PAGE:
"The Voice of Frank Sinatra" is Frank's first full-length remastered concept LP from 1945, along with ten bonus tracks of alternate takes from 1945-1947. The original album was released as a four disc 78 RPM set by Columbia in March 1946. Featuring classically inspired orchestrations by Axel Stordahl, Sinatra's eight original songs on "Voice of Frank Sinatra" are timeless: many come from the Great American Songbook in the form of The Nearness of You, Someone to Watch Over Me, You Go To My Head, and These Foolish Things, along with Try A Little Tenderness, Why Shouldn't I, Ghost of a Chance, and Paradise.
The liner notes are a gem, featuring numerous studio photographs from the album's recording and subsequent releases, insightful commentary on the album's creation, and in-depth descriptions of the remastering process (rarely have I heard a WWII era disc sound so fresh). The ten bonus tracks are alternate and "safety" takes from the 1945-1947 sessions and include Mam'selle, Spring is Here, That Old Feeling, Fools Rush In, When You Awake, It Never Entered My Mind, and Always in addition to several alternate takes from the LP.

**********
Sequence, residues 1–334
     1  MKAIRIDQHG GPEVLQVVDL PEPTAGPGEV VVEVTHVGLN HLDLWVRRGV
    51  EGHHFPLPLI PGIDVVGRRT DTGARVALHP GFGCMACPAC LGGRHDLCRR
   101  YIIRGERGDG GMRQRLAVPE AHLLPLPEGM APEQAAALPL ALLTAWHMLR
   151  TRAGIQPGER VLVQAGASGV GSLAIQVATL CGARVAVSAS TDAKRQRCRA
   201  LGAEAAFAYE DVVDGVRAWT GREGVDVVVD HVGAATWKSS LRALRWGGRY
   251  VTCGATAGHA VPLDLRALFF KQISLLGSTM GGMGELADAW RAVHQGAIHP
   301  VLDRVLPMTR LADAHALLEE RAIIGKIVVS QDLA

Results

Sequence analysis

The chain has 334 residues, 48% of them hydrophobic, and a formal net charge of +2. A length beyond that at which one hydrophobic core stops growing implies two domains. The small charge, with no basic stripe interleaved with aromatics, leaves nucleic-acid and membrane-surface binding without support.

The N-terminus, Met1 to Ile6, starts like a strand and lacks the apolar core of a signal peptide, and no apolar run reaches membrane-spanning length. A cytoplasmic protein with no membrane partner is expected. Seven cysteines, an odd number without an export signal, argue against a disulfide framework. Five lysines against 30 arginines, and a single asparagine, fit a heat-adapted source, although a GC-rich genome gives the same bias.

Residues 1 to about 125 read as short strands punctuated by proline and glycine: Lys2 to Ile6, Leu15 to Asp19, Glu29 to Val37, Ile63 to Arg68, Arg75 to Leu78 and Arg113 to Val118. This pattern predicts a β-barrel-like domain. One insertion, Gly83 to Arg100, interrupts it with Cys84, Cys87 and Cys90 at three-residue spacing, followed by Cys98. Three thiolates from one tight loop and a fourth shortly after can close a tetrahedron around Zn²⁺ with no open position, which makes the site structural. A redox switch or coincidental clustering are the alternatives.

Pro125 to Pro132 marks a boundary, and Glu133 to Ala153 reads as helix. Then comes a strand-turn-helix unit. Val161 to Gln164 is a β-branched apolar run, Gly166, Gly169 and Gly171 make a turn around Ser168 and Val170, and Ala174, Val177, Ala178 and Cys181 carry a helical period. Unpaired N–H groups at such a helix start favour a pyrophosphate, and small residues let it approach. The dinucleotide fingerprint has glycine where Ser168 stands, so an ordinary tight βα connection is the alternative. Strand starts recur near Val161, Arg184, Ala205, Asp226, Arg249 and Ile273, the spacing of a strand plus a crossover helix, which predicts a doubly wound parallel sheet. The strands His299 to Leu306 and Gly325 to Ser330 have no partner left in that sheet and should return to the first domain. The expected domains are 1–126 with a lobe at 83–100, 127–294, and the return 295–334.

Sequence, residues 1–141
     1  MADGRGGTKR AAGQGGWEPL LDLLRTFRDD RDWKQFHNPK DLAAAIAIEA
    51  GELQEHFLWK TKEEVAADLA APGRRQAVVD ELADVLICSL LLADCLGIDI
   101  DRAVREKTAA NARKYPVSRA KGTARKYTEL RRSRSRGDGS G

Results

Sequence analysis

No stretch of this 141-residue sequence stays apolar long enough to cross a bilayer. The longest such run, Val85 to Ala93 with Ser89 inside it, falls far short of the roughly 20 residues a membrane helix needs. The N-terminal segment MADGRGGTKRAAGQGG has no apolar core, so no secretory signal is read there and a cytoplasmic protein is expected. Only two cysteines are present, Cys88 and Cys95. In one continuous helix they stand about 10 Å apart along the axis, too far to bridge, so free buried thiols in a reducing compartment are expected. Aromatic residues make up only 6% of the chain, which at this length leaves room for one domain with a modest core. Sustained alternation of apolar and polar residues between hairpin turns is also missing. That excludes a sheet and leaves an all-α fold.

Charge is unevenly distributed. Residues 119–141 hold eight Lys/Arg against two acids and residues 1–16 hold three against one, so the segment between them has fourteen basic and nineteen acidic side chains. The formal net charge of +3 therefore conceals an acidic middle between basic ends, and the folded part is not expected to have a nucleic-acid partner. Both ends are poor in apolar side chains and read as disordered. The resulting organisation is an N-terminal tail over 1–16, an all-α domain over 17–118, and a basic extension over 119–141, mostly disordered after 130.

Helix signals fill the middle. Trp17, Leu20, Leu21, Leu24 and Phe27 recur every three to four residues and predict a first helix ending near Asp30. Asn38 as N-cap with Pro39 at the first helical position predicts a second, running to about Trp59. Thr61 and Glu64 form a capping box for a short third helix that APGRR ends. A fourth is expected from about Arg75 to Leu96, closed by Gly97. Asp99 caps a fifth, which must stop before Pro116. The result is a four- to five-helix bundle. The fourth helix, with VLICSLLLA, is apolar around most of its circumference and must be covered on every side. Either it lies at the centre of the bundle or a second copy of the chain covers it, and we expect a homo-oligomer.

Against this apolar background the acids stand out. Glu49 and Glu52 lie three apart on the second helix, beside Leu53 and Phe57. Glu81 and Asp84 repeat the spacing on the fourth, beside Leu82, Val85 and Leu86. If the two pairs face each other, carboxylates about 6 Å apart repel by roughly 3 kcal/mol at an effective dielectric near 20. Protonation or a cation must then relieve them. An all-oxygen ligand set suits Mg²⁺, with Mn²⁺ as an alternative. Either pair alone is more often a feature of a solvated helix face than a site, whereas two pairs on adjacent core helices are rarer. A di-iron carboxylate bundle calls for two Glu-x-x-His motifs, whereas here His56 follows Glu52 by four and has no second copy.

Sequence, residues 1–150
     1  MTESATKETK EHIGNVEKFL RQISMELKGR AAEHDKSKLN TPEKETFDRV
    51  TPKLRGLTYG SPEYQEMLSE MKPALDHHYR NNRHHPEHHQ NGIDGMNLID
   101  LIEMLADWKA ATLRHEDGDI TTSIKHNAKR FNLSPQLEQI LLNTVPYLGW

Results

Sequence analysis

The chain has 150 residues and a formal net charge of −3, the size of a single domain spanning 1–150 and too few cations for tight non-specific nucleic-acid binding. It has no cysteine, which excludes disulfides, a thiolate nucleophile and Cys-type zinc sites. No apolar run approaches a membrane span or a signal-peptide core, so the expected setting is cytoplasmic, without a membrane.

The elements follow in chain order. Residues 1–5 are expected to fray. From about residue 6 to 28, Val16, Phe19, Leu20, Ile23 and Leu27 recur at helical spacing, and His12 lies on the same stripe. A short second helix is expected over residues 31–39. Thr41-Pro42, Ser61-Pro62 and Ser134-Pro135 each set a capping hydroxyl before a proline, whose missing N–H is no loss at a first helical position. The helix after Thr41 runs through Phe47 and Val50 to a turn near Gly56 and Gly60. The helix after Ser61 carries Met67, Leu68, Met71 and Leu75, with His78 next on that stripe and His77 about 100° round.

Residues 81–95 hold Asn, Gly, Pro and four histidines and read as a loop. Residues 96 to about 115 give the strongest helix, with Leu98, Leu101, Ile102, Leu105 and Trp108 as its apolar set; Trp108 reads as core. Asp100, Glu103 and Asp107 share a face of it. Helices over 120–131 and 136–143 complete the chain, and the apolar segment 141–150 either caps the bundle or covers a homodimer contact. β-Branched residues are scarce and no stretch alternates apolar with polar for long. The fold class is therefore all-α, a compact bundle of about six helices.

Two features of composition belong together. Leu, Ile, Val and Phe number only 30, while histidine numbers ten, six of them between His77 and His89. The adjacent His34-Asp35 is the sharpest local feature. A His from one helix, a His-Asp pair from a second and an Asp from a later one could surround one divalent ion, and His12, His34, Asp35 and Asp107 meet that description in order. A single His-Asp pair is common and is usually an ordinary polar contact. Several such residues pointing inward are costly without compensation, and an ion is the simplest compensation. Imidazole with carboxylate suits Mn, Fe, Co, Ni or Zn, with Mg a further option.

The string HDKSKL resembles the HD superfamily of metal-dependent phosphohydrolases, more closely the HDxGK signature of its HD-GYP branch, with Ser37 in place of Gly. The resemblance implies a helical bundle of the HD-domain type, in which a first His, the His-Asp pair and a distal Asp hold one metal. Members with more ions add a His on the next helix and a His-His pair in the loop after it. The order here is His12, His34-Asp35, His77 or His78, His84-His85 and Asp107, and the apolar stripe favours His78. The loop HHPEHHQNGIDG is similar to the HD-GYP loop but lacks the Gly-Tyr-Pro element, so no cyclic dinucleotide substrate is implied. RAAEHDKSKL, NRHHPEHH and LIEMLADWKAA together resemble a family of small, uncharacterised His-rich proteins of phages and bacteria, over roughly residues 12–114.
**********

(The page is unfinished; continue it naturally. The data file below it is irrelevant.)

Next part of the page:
This is a young Sinatra just discovering the power of these songs, with a voice that hadn't yet become his trademark croon as later evidenced on Columbia and Reprise albums. The classically inspired orchestrations borrowing from Impressionist masters like Debussy, Ravel, and Delius, as well as Romantics such as Rachmaninoff, and Tchaikovsky, lend a buoyancy and timeless quality to the well-chosen standards. And in most places, the remastered sound quality is impeccable.
"The Voice of Frank Sinatra" is a true treat for any fan of WWII-era standards and of Sinatra himself, with stellar packaging (with original album art), in-depth liner notes, and excellent sound quality for a bargain price. If you're thinking of collecting early Frank Sinatra, but aren't quite ready to invest in the four-CD "Best of the Columbia Years 1943-1952," consider this as an excellent first purchase in vintage Sinatra, along with "Young Blue Eyes: Birth of a Crooner," swinging Big Band sessions with Tommy Dorsey from 1940.